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### Lecture 9: Resolution in First Order Logic

Theorem Proving in First Order Logic

Unification

Resolution

Heshaam Faili

hfaili@ece.ut.ac.ir

University of Tehran

FOL Decidability (1)

- If a proof procedure is always guaranteed to find a proof of a particular sentence or of its negation, then the question of logical implication for the sentence is said to be decidable.
- To see if KB |= c, we generate all possible inferences from KB, stopping when we get f or ~c.

FOL Decidability (2)

- In general, neither f nor ~c may be logically implied by KB.
- In this case, the proof procedure will never stop.
- The question of logical implication in this case is thus semidecidable:
- If KB |= c or KB |= ~c , the proof procedure will eventually discover that. Otherwise, the procedure will run forever.

FOL -- Inference Rules for quantifiers

- Universal and Existential Elimination
- Existential Introduction

Resolution in FOL

- Mechanical proof procedure with a single rule
- Invented by J. A. Robinson in 1965
- Three main steps: 1. Clause form: transform all clauses to uniform format 2. Unification: find a variable assignment so that two clauses can be resolved 3. Resolution: rule to obtain new conclusions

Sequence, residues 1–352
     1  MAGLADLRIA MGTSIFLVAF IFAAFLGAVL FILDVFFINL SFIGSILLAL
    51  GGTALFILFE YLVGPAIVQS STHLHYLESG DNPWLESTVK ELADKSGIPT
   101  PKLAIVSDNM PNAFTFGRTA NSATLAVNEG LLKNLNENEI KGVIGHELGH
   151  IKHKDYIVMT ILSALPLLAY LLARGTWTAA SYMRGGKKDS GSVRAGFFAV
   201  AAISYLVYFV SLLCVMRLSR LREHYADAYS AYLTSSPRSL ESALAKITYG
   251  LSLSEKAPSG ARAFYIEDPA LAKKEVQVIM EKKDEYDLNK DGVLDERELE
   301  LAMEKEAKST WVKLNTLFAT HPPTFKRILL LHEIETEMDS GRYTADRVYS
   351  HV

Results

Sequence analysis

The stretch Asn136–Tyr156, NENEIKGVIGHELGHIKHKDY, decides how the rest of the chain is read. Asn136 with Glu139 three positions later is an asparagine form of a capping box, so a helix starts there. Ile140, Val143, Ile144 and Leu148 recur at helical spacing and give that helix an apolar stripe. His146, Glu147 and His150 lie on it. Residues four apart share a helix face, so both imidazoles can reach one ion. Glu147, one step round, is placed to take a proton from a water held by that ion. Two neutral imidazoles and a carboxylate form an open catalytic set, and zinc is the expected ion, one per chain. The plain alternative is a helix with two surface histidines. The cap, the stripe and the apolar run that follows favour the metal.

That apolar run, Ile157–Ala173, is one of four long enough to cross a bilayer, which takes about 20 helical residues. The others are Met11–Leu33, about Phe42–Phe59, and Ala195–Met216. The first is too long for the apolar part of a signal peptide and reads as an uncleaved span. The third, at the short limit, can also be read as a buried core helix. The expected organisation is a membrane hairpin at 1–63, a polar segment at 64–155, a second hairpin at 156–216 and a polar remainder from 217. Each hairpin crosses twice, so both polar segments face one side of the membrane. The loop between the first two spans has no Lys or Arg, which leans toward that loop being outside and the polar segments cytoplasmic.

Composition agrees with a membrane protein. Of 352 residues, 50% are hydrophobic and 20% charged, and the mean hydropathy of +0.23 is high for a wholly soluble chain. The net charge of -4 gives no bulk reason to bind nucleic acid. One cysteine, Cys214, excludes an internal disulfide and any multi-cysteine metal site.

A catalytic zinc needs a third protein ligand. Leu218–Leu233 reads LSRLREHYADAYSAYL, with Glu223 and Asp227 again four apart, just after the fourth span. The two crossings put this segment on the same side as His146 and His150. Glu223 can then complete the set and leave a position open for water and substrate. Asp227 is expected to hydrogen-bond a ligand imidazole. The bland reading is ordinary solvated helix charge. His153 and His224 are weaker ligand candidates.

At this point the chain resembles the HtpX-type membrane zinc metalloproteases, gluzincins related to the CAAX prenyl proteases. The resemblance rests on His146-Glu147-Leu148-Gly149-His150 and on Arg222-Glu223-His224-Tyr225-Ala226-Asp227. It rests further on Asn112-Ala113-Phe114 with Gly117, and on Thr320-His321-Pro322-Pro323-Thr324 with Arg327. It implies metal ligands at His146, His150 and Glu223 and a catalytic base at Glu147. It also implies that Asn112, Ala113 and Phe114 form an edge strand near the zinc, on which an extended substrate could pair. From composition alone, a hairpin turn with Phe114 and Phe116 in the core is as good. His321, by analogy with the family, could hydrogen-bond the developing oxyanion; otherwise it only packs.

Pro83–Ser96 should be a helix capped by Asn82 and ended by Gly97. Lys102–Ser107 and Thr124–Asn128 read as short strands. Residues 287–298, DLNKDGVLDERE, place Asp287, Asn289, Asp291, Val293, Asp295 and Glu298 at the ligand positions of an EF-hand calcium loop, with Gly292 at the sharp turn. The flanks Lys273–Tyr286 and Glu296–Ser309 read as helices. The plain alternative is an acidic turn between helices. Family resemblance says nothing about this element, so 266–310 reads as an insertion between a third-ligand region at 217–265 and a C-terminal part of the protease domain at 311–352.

1. Clause Form

- We want a uniform representation for our logical propositions, so that we can use a simple uniform proof procedure.
- Clausal form expresses all logical propositions using literals (atomic sentences or negated atomic sentences) and clauses (sets of literals representing their disjunction).
- Ex: all the following in a single form: a => b ~abb ~a ~(~a ~b)

Any set of sentences in predicate calculus can be converted to clausal form.

- Eight-step procedure for conversion:
- 1. Replace implications
- 2. Distribute negations
- 3. Standardize variables
- 4. Replace existential
- 5. Remove universals
- 6. Distribute disjunctions
- 7. Replace operators
- 8. Rename variables

Clause Form Conversion

1. Replace implications

Any sentence of the form: j => y becomes ~j y at all levels

2. Distribute negations

Repeatedly do the following:

~~ y becomes y

~(j y) becomes ~j ~y

~(j y) becomes ~j ~y

~Vj becomes V ~j ~Vj becomes V ~j

Rename variables to ensure that each quantifier has its own unique variable.

Ex: (Xp(X)) (X q(X)) becomes (Xp(X)) (Y q(Y))

Consider: (YX p(X,Y))

The identity of X depends on the value of Y. We can replace X by a function of Y: (Yp(g(X),Y))where g is a Skolem function

4. Replace existential

Skolemization

- Replace each occurrence of an existentially quantified variable by a Skolem function.
- The function’s arguments are the universally quantified variables that are bound by universal quantifiers whose scope includes the scope of the existential quantifier being eliminated.
- The Skolem functions must be new, i.e., not already present in any other sentences.
- If the existential quantifier is not within a universal quantifier, use a Skolem function of no arguments, i.e., a constant.

Examples of Skolemization

1.X p(X)becomes p(g)

2. YXp(X,Y)becomes Yp(g(Y),Y)

3.X Yp(X,Y)becomes Yp(g,Y)

4.YX (((q(X) p(X,Y))ZW(r(W)))

becomes

Y (((q(f(Y)) p(f(Y),Y))Z(r(g(Y,Z)))

where f and g are Skolem functions

5. Remove universal quantifiers

Throw away "’s and assume all variables are universally quantified. "X "Y "Z q(h(Y)) p(h(Y),X) r(X,Z) becomes q(h(Y)) p(h(Y),X) r(X,Z)

6. Distribute disjunctions